Feast Portland's Secret to Success: Outstanding, Collaborative Chef Dinners

Chefs Jenn Louis and April Bloomfield

At any food festival, there's the big, daytime tasting event. Usually wineries and restaurants, serving up little sips and bites, very similar to our own Taste Washington.

At Feast Portland, the Bon Appetit-sponsored festival in Portland last weekend, this tasting event was called the Oregon Bounty Grand Tasting. And it was a fun event: While Incanto's Chris Cosentino did a taco demonstration with Bon Appetit editor Adam Rapoport on the mic (there were a dozen such demos and talks during both days the Grand Tasting was held), I, along with hundreds of festival-goers, tasted my way through dozens of Willamette Valley pinot noirs, ate the occasionally inspired bite (the best of which was Paulee chef Daniel Mondock's squid ink cracker with uni cream and a huge, gorgeous hunk of Dungeness crab (pictured here) and, most fun for me, sipped many new-to-me microbrews.

But what stands out now, looking back at my two days at the festival (which is in its first year, but had none of the stumbles, hickups and mixups usually associated with new festivals), are the sensational chefs that the festival brought to Portland for collaborative dinners.

Oh, believe me, I tried hard to snag a seat at the Matthew Lightner (Atera, NYC) and Sean Brock (Husk, Charleston, SC) dinner held Saturday night, but that one sold out before I'd even had a chance to view the weekend's lineup. Among the talent from out of town: Anita Lo (of New York's Annisa), Marco Canora (NY's Hearth), Seamus Mullen (Tertulia, NYC), Paul Qui (Uchiko, Austin, TX). And that's not counting the superstar Portland chefs: Andy Ricker (Pok Pok), the guys from Olympic Provisions, Cathy Whims (Nostrana) and so many more. What I wish I'd seen: a decent Seattle chef contingent. Only Ethan Stowell and Molly Moon Neitzel showed up, even though other Seattle chefs were invited.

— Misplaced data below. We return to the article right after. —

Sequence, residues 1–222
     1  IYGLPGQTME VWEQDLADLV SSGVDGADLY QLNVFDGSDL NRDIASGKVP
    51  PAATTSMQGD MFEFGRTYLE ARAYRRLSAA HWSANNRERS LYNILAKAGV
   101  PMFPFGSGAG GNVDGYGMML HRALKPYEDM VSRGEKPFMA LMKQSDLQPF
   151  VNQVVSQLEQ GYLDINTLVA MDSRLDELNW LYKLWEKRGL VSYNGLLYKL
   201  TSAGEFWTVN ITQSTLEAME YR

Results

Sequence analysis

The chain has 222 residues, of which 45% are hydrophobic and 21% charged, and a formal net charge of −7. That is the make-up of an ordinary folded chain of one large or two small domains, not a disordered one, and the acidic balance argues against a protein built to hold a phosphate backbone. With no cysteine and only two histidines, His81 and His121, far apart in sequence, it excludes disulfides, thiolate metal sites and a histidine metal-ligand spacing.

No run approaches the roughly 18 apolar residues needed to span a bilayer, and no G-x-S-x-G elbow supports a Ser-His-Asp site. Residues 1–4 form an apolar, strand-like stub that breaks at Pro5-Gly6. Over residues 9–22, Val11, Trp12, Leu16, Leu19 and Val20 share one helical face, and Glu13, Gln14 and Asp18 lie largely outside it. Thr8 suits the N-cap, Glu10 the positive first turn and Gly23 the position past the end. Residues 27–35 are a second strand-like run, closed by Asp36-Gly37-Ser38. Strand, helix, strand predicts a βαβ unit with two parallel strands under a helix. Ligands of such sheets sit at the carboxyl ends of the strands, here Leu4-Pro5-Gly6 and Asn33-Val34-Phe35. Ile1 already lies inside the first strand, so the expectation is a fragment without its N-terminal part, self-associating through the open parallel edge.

Thankfully, I still managed to get a spot at the April Bloomfied (Spotted Pig, The Breslin, John Dory, NYC), Hedy Goldsmith (Michael's Genuine Food & Drink, Miami) and Jenn Louis (Lincoln, PDX) dinner held at Louis's Lincoln Restaurant. And who did I see as I was walking in to take my seat? A stout fellow in a hard-to-miss black and white striped suit: Mr. nose-to-tail himself, Fergus Henderson, of the great St. John restaurant (and of just being a world-renowned badass). Someone hold my purse while I faint.

It was a lovely dinner with lamb as the featured protein. We started with lamb carpaccio with slivers of jalapenos and green coriander berries (look at your own cilantro and you'll likely see they've gone to seed--same thing). Then came lamb sausage, an assortment of heirloom tomatoes, hot little corn fritters everyone ooh'd and aaah'd over. Finally, a braised lamb in a tomato sauce scented with Moroccan spices over rustic dumplings. And then Hedy's desserts, which included a fine peach tart with feta cheese (and it worked!) and the ringer, for me: black licorice ice cream. A very fine dinner, well paced and paired with local Pinot in the glass, of course.

For Feast Portland to pull off near-impeccable dinners like this one, not to mention bringing in chefs of this caliber, in its first year? Color me impressed. And excited for next year.  How will they top a lamby dinner cooked by a passionate team of lady chefs, eaten in the warmth of dear Portland, with Fergus (FERGUS!) just steps away? I cannot wait to see.